One of Scotland's leading conservation bodies has appointed a woman to its top job for the first time, with Anne McCall becoming director of RSPB Scotland at the end of the month.

She has already been with the RSPB for nearly 19 years, having joined in 1998 as a member of the society’s planning team, working on cases like the Lingerbay superquarry on Harris, the giant Lewis windfarm and the inquiry into Donald Trump golf course in Aberdeenshire.

Most recently she held the role of regional director for south and west Scotland.

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Last year Stuart Housden, who has been at the helm since 1994, announced he would retire from the director's post at the end of May.

Ms McCall, brought up near Stranraer, studied politics, history and law at the University of Edinburgh, before completing a post-graduate course in town planning at Heriot-Watt University. She is an accredited member of the Royal Town Planning Institute and was a Convenor of the institute in 2004.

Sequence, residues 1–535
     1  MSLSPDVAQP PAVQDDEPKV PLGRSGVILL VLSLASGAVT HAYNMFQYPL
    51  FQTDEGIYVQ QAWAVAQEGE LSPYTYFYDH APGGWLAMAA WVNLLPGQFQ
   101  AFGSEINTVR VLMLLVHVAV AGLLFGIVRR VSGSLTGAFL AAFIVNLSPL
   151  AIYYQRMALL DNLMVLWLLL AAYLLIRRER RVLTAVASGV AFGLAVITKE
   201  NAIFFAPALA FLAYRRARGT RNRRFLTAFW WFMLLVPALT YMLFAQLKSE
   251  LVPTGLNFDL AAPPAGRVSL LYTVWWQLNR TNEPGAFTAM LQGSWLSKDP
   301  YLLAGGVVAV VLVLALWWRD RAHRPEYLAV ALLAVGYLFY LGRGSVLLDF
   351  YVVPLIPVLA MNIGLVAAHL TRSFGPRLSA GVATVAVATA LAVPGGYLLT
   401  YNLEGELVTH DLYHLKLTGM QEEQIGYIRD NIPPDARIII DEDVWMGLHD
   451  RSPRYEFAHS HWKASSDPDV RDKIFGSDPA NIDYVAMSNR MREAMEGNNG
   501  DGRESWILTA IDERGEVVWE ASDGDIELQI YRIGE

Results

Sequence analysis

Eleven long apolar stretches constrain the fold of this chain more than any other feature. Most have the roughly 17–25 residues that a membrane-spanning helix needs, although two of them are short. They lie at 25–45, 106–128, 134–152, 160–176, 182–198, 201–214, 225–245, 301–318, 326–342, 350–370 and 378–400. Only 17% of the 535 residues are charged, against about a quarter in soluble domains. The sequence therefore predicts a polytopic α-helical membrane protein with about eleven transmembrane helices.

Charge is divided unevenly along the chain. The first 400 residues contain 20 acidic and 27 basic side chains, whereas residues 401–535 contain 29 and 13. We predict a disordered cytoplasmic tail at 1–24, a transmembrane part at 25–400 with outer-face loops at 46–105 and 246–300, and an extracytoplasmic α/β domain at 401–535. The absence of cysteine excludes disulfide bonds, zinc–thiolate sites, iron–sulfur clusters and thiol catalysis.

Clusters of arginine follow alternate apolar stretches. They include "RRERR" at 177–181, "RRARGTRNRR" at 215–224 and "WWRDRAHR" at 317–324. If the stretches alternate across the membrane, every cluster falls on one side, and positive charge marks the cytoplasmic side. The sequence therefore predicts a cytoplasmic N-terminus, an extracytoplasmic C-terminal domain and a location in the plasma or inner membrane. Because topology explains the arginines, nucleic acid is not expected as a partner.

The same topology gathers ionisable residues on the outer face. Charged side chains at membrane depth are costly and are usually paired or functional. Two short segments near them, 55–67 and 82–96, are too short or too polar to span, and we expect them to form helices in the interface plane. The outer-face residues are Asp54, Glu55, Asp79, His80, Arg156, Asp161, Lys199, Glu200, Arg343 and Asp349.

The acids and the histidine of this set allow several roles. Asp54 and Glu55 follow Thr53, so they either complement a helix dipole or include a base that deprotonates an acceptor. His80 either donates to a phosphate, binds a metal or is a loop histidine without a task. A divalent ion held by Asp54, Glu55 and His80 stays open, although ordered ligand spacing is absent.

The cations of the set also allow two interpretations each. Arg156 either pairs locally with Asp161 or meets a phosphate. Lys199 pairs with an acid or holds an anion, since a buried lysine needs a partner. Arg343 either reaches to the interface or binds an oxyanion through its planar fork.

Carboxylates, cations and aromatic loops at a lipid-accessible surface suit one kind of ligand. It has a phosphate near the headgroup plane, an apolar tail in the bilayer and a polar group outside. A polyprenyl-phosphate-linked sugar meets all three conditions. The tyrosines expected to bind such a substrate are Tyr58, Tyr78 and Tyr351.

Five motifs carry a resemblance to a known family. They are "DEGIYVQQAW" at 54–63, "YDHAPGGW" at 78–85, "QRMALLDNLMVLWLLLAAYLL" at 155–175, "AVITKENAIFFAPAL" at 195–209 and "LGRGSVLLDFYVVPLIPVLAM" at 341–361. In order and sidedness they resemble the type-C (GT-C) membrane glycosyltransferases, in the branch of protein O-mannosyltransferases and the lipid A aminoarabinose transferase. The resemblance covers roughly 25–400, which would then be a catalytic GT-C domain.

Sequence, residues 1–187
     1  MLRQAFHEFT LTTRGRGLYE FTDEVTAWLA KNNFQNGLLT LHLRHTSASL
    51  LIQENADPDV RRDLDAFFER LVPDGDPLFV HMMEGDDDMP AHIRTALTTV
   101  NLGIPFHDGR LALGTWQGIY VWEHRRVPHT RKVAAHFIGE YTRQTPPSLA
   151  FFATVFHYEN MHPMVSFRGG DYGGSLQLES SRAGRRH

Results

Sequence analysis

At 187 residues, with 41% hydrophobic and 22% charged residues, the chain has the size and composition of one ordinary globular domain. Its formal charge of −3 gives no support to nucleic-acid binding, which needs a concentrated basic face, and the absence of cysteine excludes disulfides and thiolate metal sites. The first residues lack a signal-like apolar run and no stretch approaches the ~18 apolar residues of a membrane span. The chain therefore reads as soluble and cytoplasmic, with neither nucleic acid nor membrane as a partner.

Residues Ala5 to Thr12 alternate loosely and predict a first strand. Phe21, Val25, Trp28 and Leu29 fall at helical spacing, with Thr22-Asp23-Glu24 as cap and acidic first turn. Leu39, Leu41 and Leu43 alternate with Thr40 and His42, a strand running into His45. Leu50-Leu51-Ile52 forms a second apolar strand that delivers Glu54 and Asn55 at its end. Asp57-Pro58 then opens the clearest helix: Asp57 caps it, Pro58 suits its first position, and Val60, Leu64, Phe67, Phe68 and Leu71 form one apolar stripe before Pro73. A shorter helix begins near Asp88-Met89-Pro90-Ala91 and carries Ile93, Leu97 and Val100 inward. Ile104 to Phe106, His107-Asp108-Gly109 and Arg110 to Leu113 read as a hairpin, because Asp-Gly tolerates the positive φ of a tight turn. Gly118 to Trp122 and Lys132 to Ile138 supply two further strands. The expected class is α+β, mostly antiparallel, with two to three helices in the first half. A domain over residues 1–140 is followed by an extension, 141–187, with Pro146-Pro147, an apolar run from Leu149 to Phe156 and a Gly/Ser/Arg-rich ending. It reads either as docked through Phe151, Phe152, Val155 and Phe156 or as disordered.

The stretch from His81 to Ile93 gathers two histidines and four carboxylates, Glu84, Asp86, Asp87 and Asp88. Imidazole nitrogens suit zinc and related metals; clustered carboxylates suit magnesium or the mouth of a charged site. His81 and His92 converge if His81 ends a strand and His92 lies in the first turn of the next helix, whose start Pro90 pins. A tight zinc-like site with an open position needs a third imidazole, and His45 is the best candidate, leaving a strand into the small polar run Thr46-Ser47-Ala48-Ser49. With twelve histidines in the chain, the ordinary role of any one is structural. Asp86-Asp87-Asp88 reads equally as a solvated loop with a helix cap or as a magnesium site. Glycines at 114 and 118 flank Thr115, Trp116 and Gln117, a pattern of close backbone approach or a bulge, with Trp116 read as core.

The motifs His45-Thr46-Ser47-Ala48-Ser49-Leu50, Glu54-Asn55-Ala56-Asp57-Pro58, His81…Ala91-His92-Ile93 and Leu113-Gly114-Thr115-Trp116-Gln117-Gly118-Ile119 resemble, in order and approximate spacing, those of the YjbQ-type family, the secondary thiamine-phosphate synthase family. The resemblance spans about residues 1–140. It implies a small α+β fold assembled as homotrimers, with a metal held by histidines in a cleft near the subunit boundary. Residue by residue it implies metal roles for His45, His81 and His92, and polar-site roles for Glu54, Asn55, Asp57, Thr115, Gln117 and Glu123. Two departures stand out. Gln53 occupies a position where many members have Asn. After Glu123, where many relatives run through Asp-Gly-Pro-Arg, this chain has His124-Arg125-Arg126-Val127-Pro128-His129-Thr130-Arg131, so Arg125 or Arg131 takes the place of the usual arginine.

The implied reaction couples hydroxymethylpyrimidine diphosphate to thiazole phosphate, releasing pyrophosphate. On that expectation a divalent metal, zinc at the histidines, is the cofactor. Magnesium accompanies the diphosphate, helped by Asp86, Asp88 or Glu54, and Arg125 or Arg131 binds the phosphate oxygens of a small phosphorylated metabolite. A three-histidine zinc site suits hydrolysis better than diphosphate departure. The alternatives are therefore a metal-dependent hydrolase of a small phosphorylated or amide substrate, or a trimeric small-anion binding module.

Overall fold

She said: “The natural world is under threat like never before but for many of the problems there are also solutions, if we can find the resources and the will to apply them.

“I aim to work with other organisations and individuals from across all sectors, through collaboration and partnership, with the ambition of reversing the current downward trajectory for so many of our species and habitats. Consigning future generations to lives without the critical mental and physical elements a healthy environment provides would be a shameful legacy and I will do my utmost to ensure that doesn’t happen.”

RSPB Scotland’s landholding amounts to 77 nature reserves from Shetland to Galloway, totalling some 177,985 acres. It is the biggest nature conservation estate in Scotland and supports thousands of rare and threatened species. it employs around 350 full time staff.